Commentary

No crying in baseball's postseason!

So far, the playoffs have been far too full of whining bellyachers. Enough already.

Originally Published: October 10, 2012
By Jim Caple | ESPN.com

Can everyone stop bitching and moaning for just a minute? I'm talking to you, …

… Atlanta fans. Yes, that was a horrible call by umpire Sam Holbrook on the infield fly in the wild-card game. But be honest. Even had he not made that infield fly/left-field fly/fair catch call, your team would have just stranded those runners on the bases anyway. Or hit into an inning-ending double play. Either way, the Braves wouldn't have scored enough runs to make up for all the mistakes -- three errors, a hit batter, four unearned runs, 12 runners left on base -- they made the rest of the game.

[+] EnlargeFan Sign
AP Photo/Todd KirklandGet over it, Braves fans. Losing in the playoffs is just in your team's nature.

So don't blame the umpires. You should know by now your team never comes through in the postseason.

… Rangers and Braves fans. Is it fair to have a season decided by one game? No, it isn't. But as Ron Washington would say, that's the way baseball go now that there is an absolutely unnecessary second wild card in each league. Compared to a 162-game season, a three- or five- or even seven-game series wouldn't determine which team truly is best, either. But you have to end the season somehow.

Sure, it's a lot more fun to see your postseason stretch out over a week rather than a couple of hours, but this isn't Little League. No matter how you play it out, all but one team eventually is going to go home a loser. So instead of extending the wild-card series, let's just give out snow cones after losses to make everyone feel better about themselves.

You want unfair? Adding wild-card teams to the postseason is unfair to the first-place teams with the best record. So just accept the one-game playoff for what it is: a way for one second-place team to advance to a playoff series it wouldn't even have been eligible for just a while back.

Josh Reddick and the Athletics. What is the big deal about Al Alburquerque kissing the baseball? The Tigers' reliever wasn't trying to show up your team. He wasn't showing you disrespect. He simply got a crucial comebacker in the ninth and was so happy about it he reacted with an uncensored display of joy and relief. Granted, he probably should have at least bought the baseball dinner beforehand. Or, as Detroit manager Jim Leyland said, "I'm from the old school. I probably would have hugged it first."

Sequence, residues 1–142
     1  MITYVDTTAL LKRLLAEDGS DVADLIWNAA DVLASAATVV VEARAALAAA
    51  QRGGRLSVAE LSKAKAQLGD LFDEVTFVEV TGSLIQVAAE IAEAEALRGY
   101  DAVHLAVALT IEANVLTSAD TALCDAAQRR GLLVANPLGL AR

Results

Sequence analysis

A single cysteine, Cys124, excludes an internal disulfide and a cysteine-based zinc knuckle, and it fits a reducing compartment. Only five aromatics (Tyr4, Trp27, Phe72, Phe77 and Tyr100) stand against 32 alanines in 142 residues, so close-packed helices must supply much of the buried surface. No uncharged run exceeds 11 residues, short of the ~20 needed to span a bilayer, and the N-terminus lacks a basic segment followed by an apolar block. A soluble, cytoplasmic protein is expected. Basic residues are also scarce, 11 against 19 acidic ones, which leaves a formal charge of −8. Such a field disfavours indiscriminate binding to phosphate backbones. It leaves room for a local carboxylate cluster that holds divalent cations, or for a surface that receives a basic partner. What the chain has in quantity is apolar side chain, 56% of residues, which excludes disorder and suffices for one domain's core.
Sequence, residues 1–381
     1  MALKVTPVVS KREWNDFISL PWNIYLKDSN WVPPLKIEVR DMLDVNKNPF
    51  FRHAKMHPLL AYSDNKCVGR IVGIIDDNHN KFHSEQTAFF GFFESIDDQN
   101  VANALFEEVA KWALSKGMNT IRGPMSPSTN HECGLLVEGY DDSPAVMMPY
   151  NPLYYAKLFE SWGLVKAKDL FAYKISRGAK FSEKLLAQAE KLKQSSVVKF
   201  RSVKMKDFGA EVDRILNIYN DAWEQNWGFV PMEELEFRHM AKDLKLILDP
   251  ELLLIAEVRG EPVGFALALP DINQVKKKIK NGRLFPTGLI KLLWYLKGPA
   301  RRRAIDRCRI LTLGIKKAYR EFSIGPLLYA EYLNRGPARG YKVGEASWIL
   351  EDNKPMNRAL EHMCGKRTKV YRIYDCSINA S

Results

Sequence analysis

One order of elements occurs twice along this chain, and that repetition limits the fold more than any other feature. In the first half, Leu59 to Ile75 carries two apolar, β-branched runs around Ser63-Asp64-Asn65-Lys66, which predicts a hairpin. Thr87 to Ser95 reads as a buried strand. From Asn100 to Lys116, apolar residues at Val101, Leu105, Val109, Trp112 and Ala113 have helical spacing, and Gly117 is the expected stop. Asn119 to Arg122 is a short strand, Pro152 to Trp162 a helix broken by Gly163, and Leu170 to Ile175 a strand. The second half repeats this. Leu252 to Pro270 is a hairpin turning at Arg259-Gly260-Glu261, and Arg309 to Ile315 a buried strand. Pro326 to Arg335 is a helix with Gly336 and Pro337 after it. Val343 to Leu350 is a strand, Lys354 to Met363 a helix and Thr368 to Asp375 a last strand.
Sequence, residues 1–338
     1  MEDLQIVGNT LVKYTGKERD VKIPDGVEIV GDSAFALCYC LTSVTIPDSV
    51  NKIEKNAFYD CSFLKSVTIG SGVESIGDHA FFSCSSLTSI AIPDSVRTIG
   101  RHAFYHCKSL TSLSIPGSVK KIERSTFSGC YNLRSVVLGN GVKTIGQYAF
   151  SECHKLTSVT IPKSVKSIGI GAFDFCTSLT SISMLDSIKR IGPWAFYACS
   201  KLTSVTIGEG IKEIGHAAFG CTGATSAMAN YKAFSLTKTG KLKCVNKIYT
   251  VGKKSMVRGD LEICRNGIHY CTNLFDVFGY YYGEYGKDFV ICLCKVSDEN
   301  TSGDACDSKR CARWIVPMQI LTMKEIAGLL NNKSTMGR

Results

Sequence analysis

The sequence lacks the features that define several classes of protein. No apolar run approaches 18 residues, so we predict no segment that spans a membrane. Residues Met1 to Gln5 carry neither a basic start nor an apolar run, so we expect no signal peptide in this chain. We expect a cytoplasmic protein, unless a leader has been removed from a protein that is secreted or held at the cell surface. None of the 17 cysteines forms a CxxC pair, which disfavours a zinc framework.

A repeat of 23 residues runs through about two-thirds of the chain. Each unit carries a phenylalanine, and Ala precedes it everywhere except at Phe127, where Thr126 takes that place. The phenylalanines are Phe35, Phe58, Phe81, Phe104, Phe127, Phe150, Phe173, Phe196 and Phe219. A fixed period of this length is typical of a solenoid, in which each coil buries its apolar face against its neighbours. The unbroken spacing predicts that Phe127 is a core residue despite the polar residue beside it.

But what you're really upset about isn't Alburquerque's gesture. It's that you lost a very tough game you could have (and probably should have) won, dropping you to 0-2 in the division series. Don't take your frustration out on Alburquerque. Lighten up and listen to Oakland teammate Jonny Gomes.

"Listen here," Gomes said Monday. "Our heart and our soul of the organization, Kurt Suzuki, got traded away. One of our ace pitchers, Brandon McCarthy, was in the hospital and had brain surgery. Our other guy, Bartolo Colon, tested positive for steroids. Our starting third baseman blew his knee out the first drill of spring training. So kissing a ball isn't going to bum us out at all."

[+] EnlargeCincinnati Reds
Jed Jacobsohn/MLB Photos/Getty ImagesWin the division and open on the road? No big deal. Just do what the Reds did: Win in San Francisco.

Evidently, it did not bum you out at all, given the way you bounced back to win Game 3 in wonderful fashion. Now, keep up the marvelous fielding, maintain the timely hitting and don't get annoyed by petty actions. And you won't have to kiss your baseball goodbye.

… First-place teams. Yes, making the team with the better record play the first two games of the division series on the road didn't seem like a home-field advantage. But both the players' union and the owners signed off on the 2-3 format before the season began. If you didn't like it, you should have said so then, not now.

Besides, a champion finds a way to win on the road (as every team but Oakland did at least once in the first two games of each series) or recovers later to win at home (as the Athletics did when they swept the Rangers in the final series of the regular season). Plus, the format is going to change back to 2-2-1 next October, anyway.